Check intervals for CPU monitoring


#1

Hi all. I’m adding some windows servers to be monitored in my nagios install. Some of these servers have CPU’s that spike and remain high due to data processing at set times. Is there a way to tell Nagios to only alert if the CPU stays above a certain threshold for a certain period of time? Kind of like “if CPU1=90% at 5:00pm, don’t alert, but if CPU1 is=90% at 5:15pm, send an alert”. I basically want nagios to ignore the spikes, but warn if the CPU remains in the spike for an extended period of time.


#2

nagios.sourceforge.net/docs/3_0/ … ml#service
max_check_attempts


#3

Hmmm. I think I may be able to rig this to do what I need. Is there any way to set an actual time frame though? Also, call me noobie, but how do I figure out exactly how much time is in between the host checks and services checks for each individual host/service?


#4

host checks shouldn’t be done automatically if the services are up.
interval between service checks is check_interval.


#5

Well I’ve gotten myself a bit confused. I finally have a set number though so maybe someone can help. I basically want to tell Nagios to only send an alert if a server CPU remains above XX% for one hour. So in my service definition I added the following two lines to the monitor CPU service

max_check_attempts 6
check_interval 10

Those directives will cause Nagios to check every 10 minutes when in a non-OK state then send an alert correct? Or would I need retry_interval instead of check_interval?


#6

yes, but have a look for yourself :slight_smile:
nagios.sourceforge.net/docs/3_0/ … ml#service


#7

In your original post you wanted to check the CPU level, but there are known times where you know the CPU is higher.
There is a “check_period” directive in the service definitions, if you wanted that control, you will need to configure the service twice, with different load levels for different times.

It increases the size of your configs, but if you want the fine control, of time-of-day levels. That’s how you go about it.

define timeperiod{
        timeperiod_name highCPULoadTime
        alias           High CPU Load Time
        sunday          17:00-17:15
        monday          17:00-17:15
        tuesday         17:00-17:15
        wednesday       17:00-17:15
        thursday        17:00-17:15
        friday          17:00-17:15
        saturday        17:00-17:15
        }
define timeperiod{
        timeperiod_name lowCPULoadTime
        alias           Low CPU Load Time
        sunday          00:00-17:00,17:15-24:00
        monday          00:00-17:00,17:15-24:00
        tuesday         00:00-17:00,17:15-24:00
        wednesday       00:00-17:00,17:15-24:00
        thursday        00:00-17:00,17:15-24:00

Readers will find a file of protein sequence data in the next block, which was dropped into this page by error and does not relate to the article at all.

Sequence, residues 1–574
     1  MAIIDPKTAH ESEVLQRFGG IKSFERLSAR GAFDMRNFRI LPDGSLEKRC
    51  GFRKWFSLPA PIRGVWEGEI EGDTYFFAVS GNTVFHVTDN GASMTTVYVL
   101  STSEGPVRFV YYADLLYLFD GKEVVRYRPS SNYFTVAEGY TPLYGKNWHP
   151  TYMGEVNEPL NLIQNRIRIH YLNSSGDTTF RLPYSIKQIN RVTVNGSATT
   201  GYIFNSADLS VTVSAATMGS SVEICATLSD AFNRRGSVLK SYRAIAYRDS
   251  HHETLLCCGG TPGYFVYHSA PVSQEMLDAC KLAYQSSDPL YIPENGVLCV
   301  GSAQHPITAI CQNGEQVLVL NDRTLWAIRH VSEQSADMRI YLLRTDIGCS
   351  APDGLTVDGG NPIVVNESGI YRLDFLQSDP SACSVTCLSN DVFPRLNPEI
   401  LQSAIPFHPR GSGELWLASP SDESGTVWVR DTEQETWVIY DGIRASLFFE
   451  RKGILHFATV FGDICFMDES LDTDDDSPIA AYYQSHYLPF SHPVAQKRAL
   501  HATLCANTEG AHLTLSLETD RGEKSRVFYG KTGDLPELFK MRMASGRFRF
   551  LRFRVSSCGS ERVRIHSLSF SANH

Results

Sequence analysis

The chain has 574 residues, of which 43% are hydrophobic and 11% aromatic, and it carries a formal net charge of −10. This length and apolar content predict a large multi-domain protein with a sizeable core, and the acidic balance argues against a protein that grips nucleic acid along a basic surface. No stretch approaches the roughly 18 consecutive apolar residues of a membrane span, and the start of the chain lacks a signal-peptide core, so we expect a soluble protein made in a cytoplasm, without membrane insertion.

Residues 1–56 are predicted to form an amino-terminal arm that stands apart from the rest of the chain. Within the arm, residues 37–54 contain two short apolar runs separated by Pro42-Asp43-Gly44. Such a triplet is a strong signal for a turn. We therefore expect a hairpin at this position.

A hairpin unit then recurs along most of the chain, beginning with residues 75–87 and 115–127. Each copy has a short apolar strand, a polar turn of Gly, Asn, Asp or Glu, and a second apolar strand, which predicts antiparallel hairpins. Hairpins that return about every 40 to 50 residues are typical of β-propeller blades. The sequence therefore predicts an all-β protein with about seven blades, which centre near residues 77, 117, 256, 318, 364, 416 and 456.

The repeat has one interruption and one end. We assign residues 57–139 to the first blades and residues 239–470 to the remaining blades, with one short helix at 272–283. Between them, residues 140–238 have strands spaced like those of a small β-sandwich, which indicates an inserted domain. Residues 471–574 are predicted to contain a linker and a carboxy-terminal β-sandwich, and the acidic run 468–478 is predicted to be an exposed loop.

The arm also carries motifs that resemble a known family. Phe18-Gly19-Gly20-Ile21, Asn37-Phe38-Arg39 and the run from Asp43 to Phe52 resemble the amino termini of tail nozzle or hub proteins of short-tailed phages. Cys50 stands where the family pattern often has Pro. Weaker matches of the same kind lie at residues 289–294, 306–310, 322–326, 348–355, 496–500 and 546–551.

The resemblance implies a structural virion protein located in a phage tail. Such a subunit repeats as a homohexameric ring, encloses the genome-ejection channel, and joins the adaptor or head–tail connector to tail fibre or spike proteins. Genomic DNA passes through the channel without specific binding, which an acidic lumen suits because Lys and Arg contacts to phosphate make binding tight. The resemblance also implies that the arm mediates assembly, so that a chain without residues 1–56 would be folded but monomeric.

friday          00:00-17:00,17:15-24:00
        saturday        00:00-17:00,17:15-24:00
        }
define service{
        host_name	             myServer
        service_description  CPULoad
        use                            serviceTemplate  # I'm big on templates !
        check_period             highCPULoadTime
        max_check_attempts         6
        check_interval                 10
...
}
define service{
        host_name	             myServer
        service_description  CPULoad
        use                            serviceTemplate  # I'm big on templates !
        check_period             lowCPULoadTime
        max_check_attempts         3
        check_interval                 10
...
}

Something like that…

GR


#8

@luca–Ok so I double checked the documentation and it seems to me that I should add in the retry_interval. As I understand it, if I set the definition like so…

max_check_attempts 6
retry_interval 10
check_interval 3

It will normally check the CPU every 3 minutes except when it detects a non-OK state. In which case Nagios will check the first time, then 6 subsequent times, once every 10 minutes. Am I correct on that? The wording in the documentation confuses me a bit, as I don’t see much difference between check_interval and retry_interval. I’d appreciate it also if you could enlighten me to the difference.

@groth–Thanks for the in depth answer. That idea is actually really clever, I may use it later on. Right now what I’m working on is for a client and I’m just looking for a simple solution.


#9

What you did is correct, but usually check_interval is higher than the retry_interval as mostly you want fewer checks and then a couple of rapid checks when something isn’t ok before sending the notification (mainly being sure it’s not a single timeout).


#10

Ah, so if a check_interval(normal check) returns non-OK, then the retry_interval directive kicks in and does rapid checks until it exhausts the max_check_attempts, at which point it sends a notification unless the check returns OK?


#11

yes.